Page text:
Discrimination training reduces high rate social approach behaviors in Angelman syndrome: Proof of principle

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Colleges, School and Institutes


This proof of principle study was designed to evaluate whether excessively high rates of social approach behaviors in children with Angelman syndrome (AS) can be modified using a multiple schedule design. Four children with AS were exposed to a multiple schedule arrangement, in which social reinforcement and extinction, cued using a novel stimulus, were alternated. Twenty-five to 35 discrimination training sessions were conducted and levels of approach behaviors were measured before and after the discrimination training for two children. All four participants evidenced discrimination between conditions of reinforcement and extinction after 16-20 teaching sessions as indicated by lower rates of social approach behaviors in the presence of the SΔ for extinction. Reversal effects for the two children for whom this design was implemented were evident. The results demonstrate that after repeated training, the use of a novel stimulus can serve as a cue for children with AS to discriminate adult availability. This is a potentially effective component of a broader intervention strategy but highlights the need for sustained teaching procedures within this population. © 2013 Elsevier Ltd.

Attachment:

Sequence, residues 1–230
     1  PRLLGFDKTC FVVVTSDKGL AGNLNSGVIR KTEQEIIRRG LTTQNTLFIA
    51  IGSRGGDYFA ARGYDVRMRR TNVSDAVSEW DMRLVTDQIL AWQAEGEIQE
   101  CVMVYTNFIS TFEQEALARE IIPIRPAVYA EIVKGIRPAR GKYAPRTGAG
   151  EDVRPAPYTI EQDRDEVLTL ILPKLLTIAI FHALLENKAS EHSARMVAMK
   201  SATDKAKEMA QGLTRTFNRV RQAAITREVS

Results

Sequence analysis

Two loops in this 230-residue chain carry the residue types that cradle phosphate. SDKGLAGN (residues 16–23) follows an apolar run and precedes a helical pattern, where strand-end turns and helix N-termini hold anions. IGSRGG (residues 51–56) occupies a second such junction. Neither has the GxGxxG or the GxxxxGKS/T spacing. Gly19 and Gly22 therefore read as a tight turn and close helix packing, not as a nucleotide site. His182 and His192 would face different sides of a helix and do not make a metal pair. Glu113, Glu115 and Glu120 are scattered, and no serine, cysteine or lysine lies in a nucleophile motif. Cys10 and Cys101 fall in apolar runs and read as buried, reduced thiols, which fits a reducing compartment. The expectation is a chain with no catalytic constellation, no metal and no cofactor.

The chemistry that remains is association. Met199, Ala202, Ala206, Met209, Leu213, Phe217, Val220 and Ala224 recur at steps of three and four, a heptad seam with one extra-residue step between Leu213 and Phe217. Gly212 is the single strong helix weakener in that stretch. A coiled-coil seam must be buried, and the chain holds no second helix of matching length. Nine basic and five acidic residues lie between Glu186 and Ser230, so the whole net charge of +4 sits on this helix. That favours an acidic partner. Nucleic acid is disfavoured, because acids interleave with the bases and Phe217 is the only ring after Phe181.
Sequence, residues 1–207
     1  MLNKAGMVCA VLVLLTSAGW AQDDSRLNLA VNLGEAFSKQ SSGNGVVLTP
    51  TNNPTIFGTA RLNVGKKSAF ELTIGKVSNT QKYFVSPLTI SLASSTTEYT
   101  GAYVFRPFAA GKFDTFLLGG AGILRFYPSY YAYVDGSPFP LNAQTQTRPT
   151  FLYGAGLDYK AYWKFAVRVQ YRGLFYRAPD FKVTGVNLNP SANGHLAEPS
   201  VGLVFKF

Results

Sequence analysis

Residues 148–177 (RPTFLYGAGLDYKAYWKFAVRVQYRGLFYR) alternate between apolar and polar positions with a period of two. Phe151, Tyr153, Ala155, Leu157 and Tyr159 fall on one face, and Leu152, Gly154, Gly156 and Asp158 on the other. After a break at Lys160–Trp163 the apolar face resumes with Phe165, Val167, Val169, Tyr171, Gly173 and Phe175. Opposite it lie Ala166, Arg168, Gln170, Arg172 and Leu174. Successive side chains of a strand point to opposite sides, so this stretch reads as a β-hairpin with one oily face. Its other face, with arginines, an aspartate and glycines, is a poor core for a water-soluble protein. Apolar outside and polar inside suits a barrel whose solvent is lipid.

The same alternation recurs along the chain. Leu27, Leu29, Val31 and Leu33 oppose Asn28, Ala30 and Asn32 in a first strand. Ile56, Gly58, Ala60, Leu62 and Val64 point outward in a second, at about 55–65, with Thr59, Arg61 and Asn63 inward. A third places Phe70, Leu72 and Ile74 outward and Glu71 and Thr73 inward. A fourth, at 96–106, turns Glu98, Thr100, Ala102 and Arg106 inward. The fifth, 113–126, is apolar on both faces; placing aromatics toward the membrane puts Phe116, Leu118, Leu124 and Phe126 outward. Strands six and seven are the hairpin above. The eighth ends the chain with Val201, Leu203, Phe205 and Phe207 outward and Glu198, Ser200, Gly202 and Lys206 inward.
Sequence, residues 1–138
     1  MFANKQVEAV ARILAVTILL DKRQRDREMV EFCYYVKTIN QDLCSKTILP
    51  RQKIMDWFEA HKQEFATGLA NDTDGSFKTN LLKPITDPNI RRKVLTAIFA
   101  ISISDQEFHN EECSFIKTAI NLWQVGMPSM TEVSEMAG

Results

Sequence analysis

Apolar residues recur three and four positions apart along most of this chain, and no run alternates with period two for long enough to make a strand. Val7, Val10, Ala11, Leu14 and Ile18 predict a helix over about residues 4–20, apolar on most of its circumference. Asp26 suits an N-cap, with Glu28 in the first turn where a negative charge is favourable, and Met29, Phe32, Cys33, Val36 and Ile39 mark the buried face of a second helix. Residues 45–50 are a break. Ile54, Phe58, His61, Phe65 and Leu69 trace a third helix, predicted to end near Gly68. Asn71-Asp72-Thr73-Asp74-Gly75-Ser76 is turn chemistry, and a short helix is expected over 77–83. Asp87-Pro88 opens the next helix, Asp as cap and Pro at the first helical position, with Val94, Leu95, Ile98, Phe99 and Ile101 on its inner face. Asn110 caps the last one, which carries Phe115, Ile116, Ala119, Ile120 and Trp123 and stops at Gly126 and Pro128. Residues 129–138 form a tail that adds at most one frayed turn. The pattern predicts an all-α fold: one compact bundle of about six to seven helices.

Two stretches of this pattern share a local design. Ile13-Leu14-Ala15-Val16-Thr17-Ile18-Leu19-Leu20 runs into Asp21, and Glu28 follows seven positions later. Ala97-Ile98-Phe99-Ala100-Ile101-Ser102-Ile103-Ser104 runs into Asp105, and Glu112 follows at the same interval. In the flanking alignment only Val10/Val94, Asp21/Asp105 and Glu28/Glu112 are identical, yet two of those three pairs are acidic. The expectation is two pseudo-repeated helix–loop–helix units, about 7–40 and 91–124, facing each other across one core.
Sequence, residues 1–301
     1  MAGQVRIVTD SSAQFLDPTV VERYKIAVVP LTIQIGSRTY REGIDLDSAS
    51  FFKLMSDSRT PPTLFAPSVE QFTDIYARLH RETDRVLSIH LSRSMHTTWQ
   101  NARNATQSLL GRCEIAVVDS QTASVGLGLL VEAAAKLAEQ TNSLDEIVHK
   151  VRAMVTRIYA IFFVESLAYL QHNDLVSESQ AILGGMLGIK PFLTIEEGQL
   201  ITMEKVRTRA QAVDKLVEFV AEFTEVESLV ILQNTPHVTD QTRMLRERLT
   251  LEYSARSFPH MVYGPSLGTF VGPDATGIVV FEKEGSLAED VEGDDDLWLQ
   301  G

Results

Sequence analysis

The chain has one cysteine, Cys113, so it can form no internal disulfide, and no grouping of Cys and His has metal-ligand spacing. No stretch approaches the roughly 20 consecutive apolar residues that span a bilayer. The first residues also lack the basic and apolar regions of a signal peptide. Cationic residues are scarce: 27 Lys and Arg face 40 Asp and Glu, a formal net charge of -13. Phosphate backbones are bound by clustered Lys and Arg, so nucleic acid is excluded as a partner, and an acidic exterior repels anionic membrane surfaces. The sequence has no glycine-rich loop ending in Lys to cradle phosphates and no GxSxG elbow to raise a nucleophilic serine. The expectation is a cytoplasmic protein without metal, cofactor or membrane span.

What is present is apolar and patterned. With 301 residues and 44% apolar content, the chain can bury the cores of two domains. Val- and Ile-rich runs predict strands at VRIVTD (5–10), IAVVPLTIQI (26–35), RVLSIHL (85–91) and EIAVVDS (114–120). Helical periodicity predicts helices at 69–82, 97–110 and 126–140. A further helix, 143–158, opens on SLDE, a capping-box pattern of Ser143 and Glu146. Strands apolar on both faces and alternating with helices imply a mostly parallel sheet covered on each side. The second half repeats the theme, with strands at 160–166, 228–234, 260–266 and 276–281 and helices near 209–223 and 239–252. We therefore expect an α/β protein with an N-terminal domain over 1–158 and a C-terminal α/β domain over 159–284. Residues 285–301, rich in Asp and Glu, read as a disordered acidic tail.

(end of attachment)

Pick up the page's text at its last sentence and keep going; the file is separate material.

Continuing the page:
Original languageEnglish
Pages (from-to)1794-1803
Number of pages10
JournalResearch in Developmental Disabilities
Issue number5
Early online date19 Mar 2013
Publication statusPublished - May 2013


  • Aggression, Angelman syndrome, Behavioral phenotype, Discrimination learning, Errorless learning, Extinction, Intervention, aggression, article, association, behavior therapy, case report, child, child behavior, clinical evaluation, denial, discrimination learning, discrimination training, environmental factor, female, happy puppet syndrome, human, pilot study, psychologic assessment, reinforcement, school child, social attitude, social interaction, therapy effect, Angelman Syndrome, Behavior Therapy, Child, Child, Preschool, Cues, Discrimination (Psychology), Extinction, Psychological, Female, Humans, Reinforcement (Psychology), Social Behavior, Treatment Outcome